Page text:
I remember the opportunity to participate in the Scripps National Spelling Bee all too well. I was in third grade when two other classmates and I were taken into the hallway during recess, where we were told that we had been selected to participate in the Post-Standard Spelling Bee. The Post-Standard is a Syracuse-based newspaper that sponsors a spelling bee starting point, if you will. There were many more minor spelling bees to attend before any of us could go to Washington D.C. I accepted the challenge and practiced with a book full of words for the next few weeks.
On the day of the bee, we were at a local high school where we sat in the auditorium for a few hours studying and going over the rules. After the formalities were finished, it was time for the test. We all walked into the cafeteria and there were piles of specific pens that we had to use for reasons I still do not understand to this day. We were given a list of 25 words to spell that the instructors read aloud. After the first word, I realized I had absolutely no chance of winning. In fact, the only word that I was 100 percent sure about was the word “chocolate” because I had been watching “SpongeBob Squarepants” and there was an episode about them trying to sell chocolate bars, but I digress. I had a fun time and placed fairly low, but for other children, it is their dream to win.
The Scripps National Spelling Bee is always intense, but this year the pressure increased. A major rule change in the oral portion has the participants focusing on so much more than just spelling the word. In addition to spelling the word, the participant must now give the definition as well.
This rule change is a terrible idea for two reasons. Reason one: prior to this change, each participant was entitled to the language of origin, alternate pronunciations, part of speech, an example of the word used in a sentence and the definition. With the new rule, the definition cannot be read, so there could be a problem with homonyms. However, if the speller asks for any of the above then they should be fine. Reason two: it is technically no longer a spelling bee; it is now an oral vocabulary quiz. It is stressful enough for a participant to try to spell words in front of a large crowd and television audience with only two minutes at the most, but the addition of the rule can make that two minutes seem even shorter because they have to have enough time to spell the word and give the definition.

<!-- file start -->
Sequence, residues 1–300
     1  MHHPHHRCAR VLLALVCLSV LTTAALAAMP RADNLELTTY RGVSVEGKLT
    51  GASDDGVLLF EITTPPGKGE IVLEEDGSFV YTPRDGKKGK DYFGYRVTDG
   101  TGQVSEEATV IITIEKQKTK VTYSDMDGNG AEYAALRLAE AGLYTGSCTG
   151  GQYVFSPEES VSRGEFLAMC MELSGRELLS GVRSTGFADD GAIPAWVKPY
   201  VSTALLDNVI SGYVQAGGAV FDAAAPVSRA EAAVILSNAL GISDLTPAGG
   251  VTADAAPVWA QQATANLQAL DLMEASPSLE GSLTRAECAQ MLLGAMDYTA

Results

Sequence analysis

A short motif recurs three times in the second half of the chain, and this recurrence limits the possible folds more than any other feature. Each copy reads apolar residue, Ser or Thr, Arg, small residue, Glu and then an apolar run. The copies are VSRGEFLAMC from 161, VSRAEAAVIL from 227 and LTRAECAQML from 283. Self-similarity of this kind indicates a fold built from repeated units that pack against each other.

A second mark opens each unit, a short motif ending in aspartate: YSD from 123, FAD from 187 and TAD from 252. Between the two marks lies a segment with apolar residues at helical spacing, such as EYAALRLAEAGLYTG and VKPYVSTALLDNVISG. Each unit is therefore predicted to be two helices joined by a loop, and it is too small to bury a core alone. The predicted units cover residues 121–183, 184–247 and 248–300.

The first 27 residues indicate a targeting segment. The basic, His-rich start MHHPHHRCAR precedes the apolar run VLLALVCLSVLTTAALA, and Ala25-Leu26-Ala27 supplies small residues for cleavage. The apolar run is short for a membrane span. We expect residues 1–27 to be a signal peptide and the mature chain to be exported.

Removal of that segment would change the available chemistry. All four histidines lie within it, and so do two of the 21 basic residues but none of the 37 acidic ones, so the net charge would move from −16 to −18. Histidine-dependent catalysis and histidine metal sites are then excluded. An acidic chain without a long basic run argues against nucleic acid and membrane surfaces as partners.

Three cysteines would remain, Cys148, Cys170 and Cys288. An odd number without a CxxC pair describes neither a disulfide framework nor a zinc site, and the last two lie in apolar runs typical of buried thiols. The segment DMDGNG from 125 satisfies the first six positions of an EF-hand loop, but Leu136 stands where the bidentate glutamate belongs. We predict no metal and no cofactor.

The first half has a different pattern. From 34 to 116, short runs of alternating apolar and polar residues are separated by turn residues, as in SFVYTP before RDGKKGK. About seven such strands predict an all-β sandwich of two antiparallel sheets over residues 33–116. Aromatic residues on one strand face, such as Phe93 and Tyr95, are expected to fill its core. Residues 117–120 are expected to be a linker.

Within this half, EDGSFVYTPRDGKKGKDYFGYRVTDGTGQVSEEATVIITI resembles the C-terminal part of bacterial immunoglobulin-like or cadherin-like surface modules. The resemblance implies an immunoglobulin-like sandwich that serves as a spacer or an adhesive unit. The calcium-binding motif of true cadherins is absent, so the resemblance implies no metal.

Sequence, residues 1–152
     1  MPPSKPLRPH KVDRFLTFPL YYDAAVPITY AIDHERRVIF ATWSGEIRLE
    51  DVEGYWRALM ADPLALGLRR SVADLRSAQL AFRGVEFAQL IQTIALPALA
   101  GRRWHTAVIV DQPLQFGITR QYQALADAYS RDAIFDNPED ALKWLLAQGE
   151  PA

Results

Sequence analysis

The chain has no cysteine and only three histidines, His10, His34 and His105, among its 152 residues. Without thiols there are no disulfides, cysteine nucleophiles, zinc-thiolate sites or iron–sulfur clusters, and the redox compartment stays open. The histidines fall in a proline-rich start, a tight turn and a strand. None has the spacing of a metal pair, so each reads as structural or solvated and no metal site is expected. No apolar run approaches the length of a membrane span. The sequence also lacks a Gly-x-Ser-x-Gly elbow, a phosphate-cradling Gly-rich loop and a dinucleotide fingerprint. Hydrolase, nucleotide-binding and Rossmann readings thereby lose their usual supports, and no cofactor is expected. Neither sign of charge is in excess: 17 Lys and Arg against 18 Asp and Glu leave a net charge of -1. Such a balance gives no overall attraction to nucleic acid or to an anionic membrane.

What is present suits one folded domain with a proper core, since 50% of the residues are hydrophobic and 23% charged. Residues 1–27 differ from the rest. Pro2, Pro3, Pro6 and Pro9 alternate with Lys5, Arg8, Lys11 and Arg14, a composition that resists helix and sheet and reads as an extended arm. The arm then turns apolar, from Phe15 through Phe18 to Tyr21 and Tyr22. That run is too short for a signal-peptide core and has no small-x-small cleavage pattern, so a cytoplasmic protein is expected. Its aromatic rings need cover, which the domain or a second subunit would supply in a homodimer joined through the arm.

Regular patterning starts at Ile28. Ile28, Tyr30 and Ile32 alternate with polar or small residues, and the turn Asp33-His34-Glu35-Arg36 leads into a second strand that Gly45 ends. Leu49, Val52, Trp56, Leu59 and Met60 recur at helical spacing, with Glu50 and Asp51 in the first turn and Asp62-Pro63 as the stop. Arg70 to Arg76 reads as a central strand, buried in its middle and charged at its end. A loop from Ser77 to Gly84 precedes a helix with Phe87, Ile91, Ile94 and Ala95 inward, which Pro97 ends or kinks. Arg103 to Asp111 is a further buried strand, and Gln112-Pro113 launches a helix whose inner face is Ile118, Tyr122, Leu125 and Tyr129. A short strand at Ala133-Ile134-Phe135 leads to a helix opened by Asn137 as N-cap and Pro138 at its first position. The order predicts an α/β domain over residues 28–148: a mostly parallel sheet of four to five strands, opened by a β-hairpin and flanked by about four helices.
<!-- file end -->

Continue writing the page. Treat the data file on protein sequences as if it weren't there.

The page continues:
A possible reason for adding the rule is to eliminate participants faster and reduce the amount of “dead air” on television. If a viewer were watching it live, they could hear nothing for 30 seconds straight and that gives them an uncomfortable feeling. The addition of this rule could speed up the elimination process and make for more entertaining television.
Some possible participants view this new rule as a challenge and are looking forward to seeing it in action in the upcoming months.
What viewers will probably see a lot of in this upcoming Scripps National Spelling Bee is a lot of participants spelling the word right and then giving the incorrect definition of it after they’ve taken almost two minutes just to spell it. If this rule stays, then they should rename the contest: spelling is not the main focus of the Scripps National Spelling Bee anymore.